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A trip back in time.........long ago.

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I have mentioned my grandmother wrote a "book" for her grandchildren.  Her name was Elizabeth Parthenia Matlock Wise, and she was born one very cold day in January of 1899.  She married at 15.  My "Daddy Wise" was 27.  We have our grief, but this grief happens to so many people.  We all live an epic life.  That is why I do not watch epic movies or read epic novels.  My reality is an epic life.  I like fairy tales.  Unfortunately, that is only in children's books, but sometimes we live a fairy tale as long as we can.  I did, then it was an epic tale.

These are my grandmother's words:  "When we were married, I was half child and half woman.  I know I vexed him many times, and he hardly knew what to do with me. I could have made him a better wife had I been older." (Somehow, she had him seven children in ten years, I think she must have been a wife.)  While he was dying, he told me "Kiddie, you are the best looking woman in the whole hospital.'  As for myself, my husband was my all.  He was father, husband, lover, adviser, inspiration, and the best friend I ever had."  (He always called her Kiddie, because she was such a kid when he married her).  Remember, this was 1914, these things happened in those days.

On other pages she says:" I have been alone now for ten years.  I  have ten grandchildren, one great grandson and am expecting two more great grandchildren.  But for me, the light went out on that March day in 1956.  I miss him so much and the longer he is gone, the worse I miss him.  I want what I have lost and can never have again."........it goes on for pages telling about her life as a child, her first banana (hated it), political rallies at the churches, the different wars she had heard word of, her relatives fighting in the wars, and knowing older people that had fought in the Civil War.  Her travels (as far as West Texas from her little community near Plain Dealing , LA.) She owned a little crossroad country store.  The ones you see in the pictures of the old country stores, one like that.  Miles from a big town.  She told about the cotton gins, walking so far to school, then school buses being driven by horses.  It was a history that I go back and read often.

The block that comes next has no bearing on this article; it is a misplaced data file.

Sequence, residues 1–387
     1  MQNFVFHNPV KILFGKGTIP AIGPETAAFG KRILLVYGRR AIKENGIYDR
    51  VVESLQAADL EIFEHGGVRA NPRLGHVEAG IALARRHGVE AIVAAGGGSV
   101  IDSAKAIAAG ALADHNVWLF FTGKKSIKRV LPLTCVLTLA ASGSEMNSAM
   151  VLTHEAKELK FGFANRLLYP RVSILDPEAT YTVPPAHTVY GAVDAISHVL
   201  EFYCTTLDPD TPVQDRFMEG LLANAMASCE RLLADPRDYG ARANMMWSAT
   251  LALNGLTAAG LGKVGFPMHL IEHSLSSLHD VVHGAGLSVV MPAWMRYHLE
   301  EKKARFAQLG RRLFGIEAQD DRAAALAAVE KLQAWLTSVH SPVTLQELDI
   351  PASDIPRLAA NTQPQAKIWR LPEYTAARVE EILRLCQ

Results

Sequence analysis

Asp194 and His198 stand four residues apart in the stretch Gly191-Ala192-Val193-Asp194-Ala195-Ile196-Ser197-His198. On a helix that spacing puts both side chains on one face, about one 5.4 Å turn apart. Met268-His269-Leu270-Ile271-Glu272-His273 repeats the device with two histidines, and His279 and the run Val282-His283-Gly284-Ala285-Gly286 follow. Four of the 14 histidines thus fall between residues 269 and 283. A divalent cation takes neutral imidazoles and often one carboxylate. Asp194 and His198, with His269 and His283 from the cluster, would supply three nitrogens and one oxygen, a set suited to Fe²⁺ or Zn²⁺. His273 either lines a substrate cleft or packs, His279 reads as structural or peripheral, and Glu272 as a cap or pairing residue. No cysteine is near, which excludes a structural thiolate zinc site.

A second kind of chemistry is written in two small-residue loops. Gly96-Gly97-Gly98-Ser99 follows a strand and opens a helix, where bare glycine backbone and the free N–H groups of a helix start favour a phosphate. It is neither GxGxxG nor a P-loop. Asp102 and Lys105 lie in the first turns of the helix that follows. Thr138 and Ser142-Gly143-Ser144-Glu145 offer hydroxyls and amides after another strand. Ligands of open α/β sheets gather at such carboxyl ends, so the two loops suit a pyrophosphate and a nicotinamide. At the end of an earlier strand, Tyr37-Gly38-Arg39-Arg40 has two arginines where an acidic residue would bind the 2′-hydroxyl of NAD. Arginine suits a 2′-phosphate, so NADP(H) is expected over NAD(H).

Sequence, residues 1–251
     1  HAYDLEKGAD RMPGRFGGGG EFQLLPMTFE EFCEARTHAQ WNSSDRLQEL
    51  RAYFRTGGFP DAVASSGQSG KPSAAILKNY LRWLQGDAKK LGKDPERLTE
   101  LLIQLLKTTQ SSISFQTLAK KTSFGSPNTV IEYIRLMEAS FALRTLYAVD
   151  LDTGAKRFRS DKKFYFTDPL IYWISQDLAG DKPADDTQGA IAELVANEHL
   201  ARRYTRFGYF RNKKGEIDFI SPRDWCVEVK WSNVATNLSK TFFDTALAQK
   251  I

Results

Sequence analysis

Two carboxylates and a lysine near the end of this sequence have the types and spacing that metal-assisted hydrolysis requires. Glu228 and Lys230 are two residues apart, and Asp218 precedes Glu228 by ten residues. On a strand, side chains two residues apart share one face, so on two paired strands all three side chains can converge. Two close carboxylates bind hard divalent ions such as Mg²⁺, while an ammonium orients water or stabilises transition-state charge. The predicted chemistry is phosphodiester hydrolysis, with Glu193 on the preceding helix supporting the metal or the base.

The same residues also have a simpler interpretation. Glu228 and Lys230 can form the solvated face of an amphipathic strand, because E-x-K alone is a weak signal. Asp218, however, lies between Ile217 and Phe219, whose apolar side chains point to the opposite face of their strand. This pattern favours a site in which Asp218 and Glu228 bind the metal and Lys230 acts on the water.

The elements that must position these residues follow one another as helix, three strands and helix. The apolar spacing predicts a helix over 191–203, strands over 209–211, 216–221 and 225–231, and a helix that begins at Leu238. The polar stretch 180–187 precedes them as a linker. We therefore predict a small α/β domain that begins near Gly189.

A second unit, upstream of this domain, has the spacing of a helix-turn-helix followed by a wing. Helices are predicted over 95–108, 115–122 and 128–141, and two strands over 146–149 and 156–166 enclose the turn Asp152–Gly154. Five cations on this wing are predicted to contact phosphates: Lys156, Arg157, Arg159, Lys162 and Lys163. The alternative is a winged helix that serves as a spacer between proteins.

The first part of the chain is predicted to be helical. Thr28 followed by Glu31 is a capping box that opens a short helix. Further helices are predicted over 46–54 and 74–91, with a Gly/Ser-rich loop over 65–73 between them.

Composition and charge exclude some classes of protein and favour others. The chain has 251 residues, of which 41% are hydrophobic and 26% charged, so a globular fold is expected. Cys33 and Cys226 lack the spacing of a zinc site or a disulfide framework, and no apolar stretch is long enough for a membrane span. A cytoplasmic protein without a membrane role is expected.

But, the sentence that rang true with me, one of them was this: "Living with him and having his love and protection was as near heaven as I will ever be until I do reach there indeed."  She went to be with him in the early 1980s.  

A story "old as time" but the pain stays as fresh as now.  

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I love family history. My roots are in West Texas, also. My mother was one of 13 children, 4 boys born to my grandfather during his first marriage and the rest during his marriage to my grandmother who was 17 at the time she married this 37 year old man. She and her youngest son died in the flu epidemic of 1917 when my mother was 7. He was left to raise 3 young girls on his own. He was very stern(a Baptist minister) and did not do well with children. They were very poor and my mother spoke of the treat of receiving an orange for Christmas from an older brother. She was raised by her 9 yr. old sister as they cared for the 2 year old. It is hard to imagine living in such times as by the time I came along, my parents were not poor.

I am the 2nd cousin to the original Gerber Baby(our grandmothers were sisters) and on a whim contacted her through her website before Ron became ill.  She introduced me to her sisters, one of whom(in her 90's) is a Genealogist. She, in turn sent me a CD of all our family history. Shortly afterward, Ron became ill and I have never taken the time to view it. Shame on me!

My father died in 1977. We were very close and as I look back, I don't know how much comfort I was to my mother. It seems she handled his death much better than I have handled Ron's. I often wonder if I could have been more of a comfort to her. Life went on for her and she lived alone for the next 30 years until she died. I wish I had her strength.

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Karen, dear heart, I believe that you DO have your mother's strength, even if it doesn't feel that way to you. She is in your DNA.

As our friend Christopher Robin said to Pooh, "You're braver than you believe, and stronger than you seem, and smarter than you think."  

Maybe it's time for you to take a look at that CD. 


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Thank you for sharing that, Margaret!  I think all of us have rich family histories if we're able to trace them back far enough.  I am related to Ben Franklin, Lawrence Hills (founder of Greenwaters Park & Mayor of Oakridge, and Edmund Hunter (founder of Veneta).  It's fun to trace your roots and see what you can find!  I also have Folgiers in my family line, too bad I don't like the coffee!  :)

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